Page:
Camping Without Being A Pack Rat

My son and I enjoy coffee around the camp fire.
My son and I enjoy coffee around the camp fire.

For most of my childhood I can remember going on camping trips with my dad, and I remember it being so simple camping as a young man. The stories I can tell of the cold, rainy mornings huddled over coffee or being tormented after dark by my uncles are treasured. The memory of having my eyesight choked out from smoke while blowing on a fresh fire is inescapable. One thing that I can barely recall is how much crap we took with us. I’m almost certain that my dad was a minimalist camper. We probably had the smallest tent, slept on the ground in a sleeping bag, and had just what we needed to cook and eat. I remember it being a no frills trip that was enjoyable.

My wife, Ashley, and I are in our ninth year of marriage this year, and before 2014 we had been on one “camping” trip. We went with my cousin and her husband in a very nice camper. It wasn’t roughing it by any means. I didn’t think she would ever enjoy sleeping in a tent being subjected to the temperature, humidity, and dew point of the outside. In October 2014, we went on a family camping trip with her mom, brother, cousin, and a bunch of our kids to Kolomoki Mounds State Park. This was Ashley’s first real taste of camping, and she loved it. The beauty of this trip was that the gear was evenly dispersed between three vehicles. Camping as a large group makes it easy to share the load, but we still packed it out to the max! The gear was a pain to get back into the house when we returned.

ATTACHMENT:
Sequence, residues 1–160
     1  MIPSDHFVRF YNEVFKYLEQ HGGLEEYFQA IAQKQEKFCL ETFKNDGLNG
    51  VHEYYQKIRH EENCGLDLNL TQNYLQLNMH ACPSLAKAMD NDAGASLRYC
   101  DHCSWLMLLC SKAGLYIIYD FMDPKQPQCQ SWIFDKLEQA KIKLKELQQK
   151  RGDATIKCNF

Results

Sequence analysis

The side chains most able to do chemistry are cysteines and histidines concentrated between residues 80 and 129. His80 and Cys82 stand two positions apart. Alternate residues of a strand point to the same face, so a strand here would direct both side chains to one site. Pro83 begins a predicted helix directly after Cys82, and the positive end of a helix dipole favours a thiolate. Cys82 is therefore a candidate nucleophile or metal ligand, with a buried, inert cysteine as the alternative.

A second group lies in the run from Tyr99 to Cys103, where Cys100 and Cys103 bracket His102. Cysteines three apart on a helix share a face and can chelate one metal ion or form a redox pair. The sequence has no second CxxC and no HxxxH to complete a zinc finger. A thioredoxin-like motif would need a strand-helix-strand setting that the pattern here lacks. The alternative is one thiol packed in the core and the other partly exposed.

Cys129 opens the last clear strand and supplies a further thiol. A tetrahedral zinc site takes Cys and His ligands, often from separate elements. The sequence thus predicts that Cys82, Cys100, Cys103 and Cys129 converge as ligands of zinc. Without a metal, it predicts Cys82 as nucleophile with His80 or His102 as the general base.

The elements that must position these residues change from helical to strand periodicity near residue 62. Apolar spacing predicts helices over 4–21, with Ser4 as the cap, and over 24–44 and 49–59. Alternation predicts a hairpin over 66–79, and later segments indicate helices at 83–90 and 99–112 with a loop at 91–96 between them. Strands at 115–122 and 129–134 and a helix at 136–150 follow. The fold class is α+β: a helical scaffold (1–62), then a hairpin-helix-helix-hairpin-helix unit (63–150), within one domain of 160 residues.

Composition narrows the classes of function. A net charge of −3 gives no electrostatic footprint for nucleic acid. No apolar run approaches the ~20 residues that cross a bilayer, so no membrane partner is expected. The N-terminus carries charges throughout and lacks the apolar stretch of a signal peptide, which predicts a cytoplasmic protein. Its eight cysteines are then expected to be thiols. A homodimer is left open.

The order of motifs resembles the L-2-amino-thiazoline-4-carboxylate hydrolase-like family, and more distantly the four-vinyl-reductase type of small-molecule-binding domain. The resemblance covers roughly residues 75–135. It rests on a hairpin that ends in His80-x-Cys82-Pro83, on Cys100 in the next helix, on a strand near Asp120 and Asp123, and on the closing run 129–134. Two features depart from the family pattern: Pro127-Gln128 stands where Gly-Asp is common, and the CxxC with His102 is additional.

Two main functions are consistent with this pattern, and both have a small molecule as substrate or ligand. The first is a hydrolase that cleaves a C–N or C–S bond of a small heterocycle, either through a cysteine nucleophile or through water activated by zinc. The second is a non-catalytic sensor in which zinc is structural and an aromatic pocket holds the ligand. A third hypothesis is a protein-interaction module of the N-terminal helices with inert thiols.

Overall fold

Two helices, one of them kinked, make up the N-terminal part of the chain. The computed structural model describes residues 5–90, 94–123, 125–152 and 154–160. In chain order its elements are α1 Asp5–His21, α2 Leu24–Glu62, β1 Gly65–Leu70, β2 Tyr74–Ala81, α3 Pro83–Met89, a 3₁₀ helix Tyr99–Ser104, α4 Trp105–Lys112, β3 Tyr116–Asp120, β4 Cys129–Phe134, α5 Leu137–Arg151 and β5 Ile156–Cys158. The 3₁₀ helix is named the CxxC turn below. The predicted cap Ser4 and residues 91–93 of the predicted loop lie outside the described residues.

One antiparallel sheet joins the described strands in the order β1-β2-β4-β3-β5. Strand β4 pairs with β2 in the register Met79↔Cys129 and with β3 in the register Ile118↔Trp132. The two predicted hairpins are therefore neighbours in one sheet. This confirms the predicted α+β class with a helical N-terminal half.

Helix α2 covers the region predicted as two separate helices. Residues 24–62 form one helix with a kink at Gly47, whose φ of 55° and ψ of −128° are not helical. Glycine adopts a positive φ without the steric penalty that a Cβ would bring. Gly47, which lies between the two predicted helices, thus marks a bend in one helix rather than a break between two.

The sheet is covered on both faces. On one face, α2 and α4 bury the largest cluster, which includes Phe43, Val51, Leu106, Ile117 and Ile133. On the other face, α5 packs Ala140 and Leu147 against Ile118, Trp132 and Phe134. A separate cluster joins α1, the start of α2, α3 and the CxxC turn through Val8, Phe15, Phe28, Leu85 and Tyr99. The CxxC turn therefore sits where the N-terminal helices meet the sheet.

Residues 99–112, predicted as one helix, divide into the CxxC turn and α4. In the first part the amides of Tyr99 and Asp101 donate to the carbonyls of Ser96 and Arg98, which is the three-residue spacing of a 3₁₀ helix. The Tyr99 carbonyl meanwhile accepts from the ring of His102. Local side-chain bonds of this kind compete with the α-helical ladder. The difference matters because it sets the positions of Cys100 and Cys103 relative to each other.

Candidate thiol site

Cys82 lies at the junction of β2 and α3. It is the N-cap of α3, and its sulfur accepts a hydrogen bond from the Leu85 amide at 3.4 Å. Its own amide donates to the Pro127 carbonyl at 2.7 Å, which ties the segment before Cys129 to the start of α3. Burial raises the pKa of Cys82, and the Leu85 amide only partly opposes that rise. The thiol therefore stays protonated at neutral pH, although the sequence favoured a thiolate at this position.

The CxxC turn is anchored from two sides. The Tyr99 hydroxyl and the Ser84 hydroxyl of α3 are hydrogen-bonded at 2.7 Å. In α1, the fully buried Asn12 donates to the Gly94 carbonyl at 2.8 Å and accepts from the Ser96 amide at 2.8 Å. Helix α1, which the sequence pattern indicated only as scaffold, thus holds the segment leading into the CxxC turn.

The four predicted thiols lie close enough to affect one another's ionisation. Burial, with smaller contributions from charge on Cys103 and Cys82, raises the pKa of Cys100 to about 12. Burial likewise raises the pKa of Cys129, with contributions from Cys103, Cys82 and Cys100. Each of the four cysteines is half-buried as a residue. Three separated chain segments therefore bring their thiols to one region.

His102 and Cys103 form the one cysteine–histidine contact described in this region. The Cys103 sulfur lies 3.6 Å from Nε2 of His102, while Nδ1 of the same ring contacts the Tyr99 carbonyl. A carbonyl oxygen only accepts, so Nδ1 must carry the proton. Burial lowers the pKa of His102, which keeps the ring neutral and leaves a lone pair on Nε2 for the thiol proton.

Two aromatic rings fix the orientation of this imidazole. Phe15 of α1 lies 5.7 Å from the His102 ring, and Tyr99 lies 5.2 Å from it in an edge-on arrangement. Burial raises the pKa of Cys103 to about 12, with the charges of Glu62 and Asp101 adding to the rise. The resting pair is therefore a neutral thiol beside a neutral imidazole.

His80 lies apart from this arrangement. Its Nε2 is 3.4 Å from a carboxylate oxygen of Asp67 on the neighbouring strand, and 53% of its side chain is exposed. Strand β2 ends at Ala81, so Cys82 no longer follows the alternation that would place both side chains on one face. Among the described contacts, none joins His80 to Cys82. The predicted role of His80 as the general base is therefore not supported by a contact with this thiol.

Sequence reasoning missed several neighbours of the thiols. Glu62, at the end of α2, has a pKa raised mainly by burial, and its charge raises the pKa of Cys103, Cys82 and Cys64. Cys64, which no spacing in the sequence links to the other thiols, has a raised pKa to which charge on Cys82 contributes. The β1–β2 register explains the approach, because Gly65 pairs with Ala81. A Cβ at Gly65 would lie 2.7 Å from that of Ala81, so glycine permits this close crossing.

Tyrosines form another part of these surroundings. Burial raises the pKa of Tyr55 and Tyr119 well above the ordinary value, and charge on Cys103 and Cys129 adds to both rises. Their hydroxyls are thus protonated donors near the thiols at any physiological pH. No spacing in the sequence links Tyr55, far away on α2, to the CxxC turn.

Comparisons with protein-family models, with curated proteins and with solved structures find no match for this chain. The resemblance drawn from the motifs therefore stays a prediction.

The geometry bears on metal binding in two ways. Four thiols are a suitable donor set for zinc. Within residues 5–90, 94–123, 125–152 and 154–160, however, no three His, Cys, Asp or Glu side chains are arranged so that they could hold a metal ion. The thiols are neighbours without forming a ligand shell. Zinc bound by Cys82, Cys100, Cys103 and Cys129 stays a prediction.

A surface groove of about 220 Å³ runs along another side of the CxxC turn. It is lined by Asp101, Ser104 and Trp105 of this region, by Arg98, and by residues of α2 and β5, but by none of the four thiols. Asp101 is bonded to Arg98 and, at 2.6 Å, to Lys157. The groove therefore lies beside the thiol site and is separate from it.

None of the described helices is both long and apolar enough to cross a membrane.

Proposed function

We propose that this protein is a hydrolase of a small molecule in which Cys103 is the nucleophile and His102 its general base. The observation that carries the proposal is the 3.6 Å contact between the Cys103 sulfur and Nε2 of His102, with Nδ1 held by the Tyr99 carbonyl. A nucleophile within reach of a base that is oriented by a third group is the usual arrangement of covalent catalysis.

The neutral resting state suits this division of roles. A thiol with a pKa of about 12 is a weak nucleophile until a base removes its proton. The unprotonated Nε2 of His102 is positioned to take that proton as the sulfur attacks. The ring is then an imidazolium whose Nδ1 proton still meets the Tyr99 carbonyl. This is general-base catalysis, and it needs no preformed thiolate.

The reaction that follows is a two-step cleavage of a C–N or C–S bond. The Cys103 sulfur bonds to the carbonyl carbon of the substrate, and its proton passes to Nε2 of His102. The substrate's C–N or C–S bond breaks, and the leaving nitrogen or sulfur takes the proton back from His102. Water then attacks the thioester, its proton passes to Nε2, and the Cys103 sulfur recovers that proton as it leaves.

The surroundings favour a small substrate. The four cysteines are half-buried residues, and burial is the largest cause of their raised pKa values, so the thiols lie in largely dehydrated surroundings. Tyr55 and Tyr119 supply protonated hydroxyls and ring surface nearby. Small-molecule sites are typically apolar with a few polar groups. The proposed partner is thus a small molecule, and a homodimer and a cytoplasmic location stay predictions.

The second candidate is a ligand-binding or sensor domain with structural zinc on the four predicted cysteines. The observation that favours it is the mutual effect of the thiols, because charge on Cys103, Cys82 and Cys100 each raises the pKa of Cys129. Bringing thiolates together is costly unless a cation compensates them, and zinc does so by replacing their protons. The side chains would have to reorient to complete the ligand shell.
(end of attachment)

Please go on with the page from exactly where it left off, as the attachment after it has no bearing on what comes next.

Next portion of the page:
The only real issue with camping with my wife is that she really likes to have comforts of home; SO DO I! The problem is that we pack so much stuff that it’s hard to get it all to the camp site and still have room for passengers in the vehicle. We took a camping trip during Spring Break of 2015 to the beach, and we had so much stuff that we had to take a trailer with us to haul it all. One of the hardest parts of camping is knowing when to leave something at home without sacrificing comfort. I believe that camping with a little less accentuates the enjoyment level of a camping trip. As Thoreau wrote in Walden, “Simplicity, simplicity, simplicity.”

The last camping trip that we took as of this writing was to Point South KOA in South Carolina. I was able to sift through the gear and get it down to where it all fit in my Jeep Commander! I was proud of what we had accomplished, and the trip was extremely enjoyable for us.

As time goes on we will get better at making sure memories happen on our camping trips. The struggle is weighing the gear versus the comfort. As each new trip is planned, I have to ask myself, “what can be left out of the box?” I don’t want to be left stranded without something, but seriously, how many times am I going to change my pants in two days, and do I really need a twenty pound tank of propane for cooking a couple of eggs on my Coleman stove? Memories are important, and having a hassle-less, pack less trip makes the moment so much more enjoyable. Following the adapted advice of Walden, reduce the amount of gear to a simple amount; “Simplify, simplify.” Cook one dish meals and take one frying pan, and “reduce other things in proportion.” What have you done to reduce your load for camping?

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